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The glorious late summer days of August are often spent sucking down popsicles and reveling in the last few weeks of prime summer produce: plump, juicy tomatoes; yellow and green squash; and sheaves of sweet yellow corn. These searingly hot days always manage to seem endless, in the way we hate in the moment but invariably long for when we’re deep into January. But the upside remains self-evident: a seemingly never-ending bounty of fruits and vegetables. 

Related Reading: 21 Pasta Sauces That Hold the Tomatoes

So for anyone who’s somehow gathered a large basket of tomatoes—and simply can’t turn on the oven—you’ll want to look to Sheela Prakash’s recipe for a no-cook summer tomato pasta, found in her new cookbook “Mediterranean Every Day.” Sheela, who moonlights as a registered dietician as well as a food writer and recipe developer, simply loves Italy. As a student, she studied in Florence, then spent a summer interning at a farm in Siena before obtaining a master’s degree in food culture and communications in Northern Italy. So it should come as no surprise that Sheela has since compiled her cookbook with over 75 Mediterranean-inspired recipes that highlight seasonal produce.  

Mediterranean Every Day: Simple, Inspired Recipes for Feel-Good Food, $26.99 on Amazon

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Enjoy the likes of smoky white bean hummus, lentil fritters with herbed yogurt dip, and wedges of chocolate olive oil cake. The recipes here are not so complicated that they couldn’t be made on a weeknight, but still thrilling enough to be the centerpiece at a gathering or party. Along with the recipes, Sheela also teaches readers how to properly stock a pantry—a topical must for home cooks everywhere during quarantine.

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But back to that no-cook tomato pasta, the recipe for which can be found below. It really is a no-cook situation (save for the boiling of pasta, of course), and the only other work you’ll need to do is arm yourself with some sweet tomatoes, basil, and ricotta salata. Simply grate garlic and the tomatoes against a box grater, discarding any flattened and tough skin. Whisk the chopped basil, olive oil, salt, and pepper into the mixture, then let it rest while the pasta cooks. Once the pasta is ready to cook, just plop it straight into the tomatoes and toss well. Grate shreds of ricotta salata on top (or if you’ve got parmesan, that’ll work just as well), and serve.

No-Cook Summer Tomato Pasta Recipe

When I was living and working on a farm in Tuscany the summer after I graduated college, my teacher, like so many Italians, loved to talk about food. One afternoon, instead of following her usual lesson plan, she held an impromptu cooking class. I can’t remember everything we made, but I’ll never forget this pasta. She ingeniously rubbed raw cloves of garlic on the inside of a large bowl—a technique that hails from the Southern region of Puglia, where she was from—then dumped hot pasta into it, along with lots of fresh tomatoes and basil. The ingredients took hold of the garlic juices on the bowl to create a bright pasta dish that had just the right amount of seasoning. Rather than the piercing bite of raw garlic, the garlic was mellow and beautifully blended.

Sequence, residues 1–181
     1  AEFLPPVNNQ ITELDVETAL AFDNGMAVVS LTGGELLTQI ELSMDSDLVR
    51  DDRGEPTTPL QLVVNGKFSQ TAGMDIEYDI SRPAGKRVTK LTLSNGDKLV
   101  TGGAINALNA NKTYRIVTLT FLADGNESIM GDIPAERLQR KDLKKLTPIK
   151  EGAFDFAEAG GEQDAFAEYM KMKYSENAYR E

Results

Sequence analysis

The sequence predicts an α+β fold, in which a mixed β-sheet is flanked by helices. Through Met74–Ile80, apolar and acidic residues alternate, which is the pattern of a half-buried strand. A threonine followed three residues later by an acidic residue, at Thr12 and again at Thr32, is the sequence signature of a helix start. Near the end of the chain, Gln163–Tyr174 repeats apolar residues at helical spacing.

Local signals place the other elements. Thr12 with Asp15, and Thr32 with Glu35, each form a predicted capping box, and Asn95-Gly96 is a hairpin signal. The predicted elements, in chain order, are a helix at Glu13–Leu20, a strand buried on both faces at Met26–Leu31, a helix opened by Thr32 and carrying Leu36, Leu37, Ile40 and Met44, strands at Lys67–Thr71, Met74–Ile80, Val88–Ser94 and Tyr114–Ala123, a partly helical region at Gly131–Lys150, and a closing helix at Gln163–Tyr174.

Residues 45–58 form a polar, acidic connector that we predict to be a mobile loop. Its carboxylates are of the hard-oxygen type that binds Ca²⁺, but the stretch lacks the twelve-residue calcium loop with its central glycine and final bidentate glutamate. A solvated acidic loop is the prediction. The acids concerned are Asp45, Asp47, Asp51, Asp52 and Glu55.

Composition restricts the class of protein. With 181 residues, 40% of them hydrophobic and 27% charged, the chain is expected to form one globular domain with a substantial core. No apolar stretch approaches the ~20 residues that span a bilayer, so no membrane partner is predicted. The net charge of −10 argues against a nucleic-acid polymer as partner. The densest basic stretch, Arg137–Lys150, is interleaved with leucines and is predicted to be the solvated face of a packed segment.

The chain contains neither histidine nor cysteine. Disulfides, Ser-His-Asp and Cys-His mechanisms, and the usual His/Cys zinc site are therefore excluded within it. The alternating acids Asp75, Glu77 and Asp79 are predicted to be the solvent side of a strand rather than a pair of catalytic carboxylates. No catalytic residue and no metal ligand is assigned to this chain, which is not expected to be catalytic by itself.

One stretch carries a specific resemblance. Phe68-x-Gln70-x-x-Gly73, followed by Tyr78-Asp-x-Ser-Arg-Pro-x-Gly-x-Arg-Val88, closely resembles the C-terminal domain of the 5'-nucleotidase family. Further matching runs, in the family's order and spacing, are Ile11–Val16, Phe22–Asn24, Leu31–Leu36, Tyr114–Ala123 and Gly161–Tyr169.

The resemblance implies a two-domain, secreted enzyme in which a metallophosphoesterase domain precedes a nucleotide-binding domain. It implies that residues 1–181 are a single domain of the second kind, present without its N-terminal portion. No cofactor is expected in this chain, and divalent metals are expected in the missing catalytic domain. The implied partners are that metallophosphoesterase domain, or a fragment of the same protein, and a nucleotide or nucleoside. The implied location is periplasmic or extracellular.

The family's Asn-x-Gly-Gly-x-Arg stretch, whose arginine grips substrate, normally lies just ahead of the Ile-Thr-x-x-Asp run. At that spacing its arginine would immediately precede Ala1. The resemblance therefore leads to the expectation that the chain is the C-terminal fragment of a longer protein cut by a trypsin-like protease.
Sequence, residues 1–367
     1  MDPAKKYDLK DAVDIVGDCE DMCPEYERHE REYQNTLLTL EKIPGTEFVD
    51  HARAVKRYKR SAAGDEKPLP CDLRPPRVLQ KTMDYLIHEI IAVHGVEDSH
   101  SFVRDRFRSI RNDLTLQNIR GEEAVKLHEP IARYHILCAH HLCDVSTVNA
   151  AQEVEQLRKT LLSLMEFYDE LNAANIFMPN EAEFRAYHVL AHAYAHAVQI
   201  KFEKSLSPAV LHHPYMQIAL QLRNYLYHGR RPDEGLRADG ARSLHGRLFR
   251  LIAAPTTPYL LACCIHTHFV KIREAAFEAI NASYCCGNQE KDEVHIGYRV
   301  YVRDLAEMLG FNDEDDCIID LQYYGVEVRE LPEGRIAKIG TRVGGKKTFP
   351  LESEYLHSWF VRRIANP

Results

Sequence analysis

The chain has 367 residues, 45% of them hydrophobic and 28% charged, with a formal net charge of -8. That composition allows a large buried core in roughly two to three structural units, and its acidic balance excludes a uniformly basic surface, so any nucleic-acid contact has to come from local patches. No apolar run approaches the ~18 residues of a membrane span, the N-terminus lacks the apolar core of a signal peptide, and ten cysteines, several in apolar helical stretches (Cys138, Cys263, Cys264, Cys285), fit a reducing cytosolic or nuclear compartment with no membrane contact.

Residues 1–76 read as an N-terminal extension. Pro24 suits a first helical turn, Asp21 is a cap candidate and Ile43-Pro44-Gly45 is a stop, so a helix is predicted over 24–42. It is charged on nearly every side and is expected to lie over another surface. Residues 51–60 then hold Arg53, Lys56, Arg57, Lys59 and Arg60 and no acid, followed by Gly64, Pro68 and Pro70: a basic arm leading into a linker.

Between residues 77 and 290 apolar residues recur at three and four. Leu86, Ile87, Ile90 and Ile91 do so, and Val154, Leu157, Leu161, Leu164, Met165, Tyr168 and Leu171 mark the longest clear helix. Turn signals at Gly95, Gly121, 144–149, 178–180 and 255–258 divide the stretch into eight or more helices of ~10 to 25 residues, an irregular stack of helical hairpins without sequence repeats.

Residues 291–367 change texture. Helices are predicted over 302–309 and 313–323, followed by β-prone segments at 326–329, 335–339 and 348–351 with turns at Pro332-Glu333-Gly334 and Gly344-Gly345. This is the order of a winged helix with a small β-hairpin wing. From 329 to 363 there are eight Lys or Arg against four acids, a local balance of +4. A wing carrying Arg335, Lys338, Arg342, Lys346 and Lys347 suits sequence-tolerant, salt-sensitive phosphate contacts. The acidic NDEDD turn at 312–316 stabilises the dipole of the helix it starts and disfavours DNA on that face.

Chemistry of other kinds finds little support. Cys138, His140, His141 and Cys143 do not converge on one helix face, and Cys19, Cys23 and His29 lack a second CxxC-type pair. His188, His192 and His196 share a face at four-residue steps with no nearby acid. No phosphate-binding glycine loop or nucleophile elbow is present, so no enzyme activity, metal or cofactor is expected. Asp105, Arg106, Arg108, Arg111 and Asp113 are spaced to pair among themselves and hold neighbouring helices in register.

Make this in late summer, when tomatoes are at their absolute sweetest and juiciest. Grating them on a box grater results in a loose, chunky sauce for the orecchiette cups to hold (though other short pasta shapes, such as gemelli and fusilli, work great, too). Oh, and don’t bother washing the grater right away. You’ll use it to grate salty ricotta salata cheese over the top of each bowl, which adds a bit of a sharp kick to every bite.

No-Cook Summer Tomato Pasta

  • 1 garlic clove, halved
  • 1 1/2 pounds (680 g) plum tomatoes, or Roma tomatoes
  • 1/4 cup (10 g) loosely packed chopped fresh basil leaves
  • 1 tablespoon (15 ml) extra virgin olive oil
  • 1/2 teaspoon kosher salt
  • Freshly ground black pepper
  • 12 ounces (340 g) orecchiette, or other short pasta
  • 2 ounces (55 g) ricotta salata cheese
  1. Rub the garlic clove halves vigorously all over the inside of a large bowl.
  2. Set a box grater over the garlic-rubbed bowl and use the side with the large holes to grate the tomatoes into the bowl. Discard the flattened skin and stem left behind. Gently stir in the basil, olive oil, salt, and several grinds of black pepper; mix well. Let the mixture marinate while you cook the pasta.
  3. Bring a large pot of salted water to a boil over high heat. Add the pasta and cook according to the package instructions until al dente, about 9 minutes. Drain the pasta, then transfer it to the bowl of tomatoes. Toss well to combine.
  4. Using the large holes of the box grater, grate ricotta salata over the pasta before serving.

Header image courtesy of "Mediterranean Every Day."

Amy Schulman is an associate editor at Chowhound. She is decidedly pro-chocolate.
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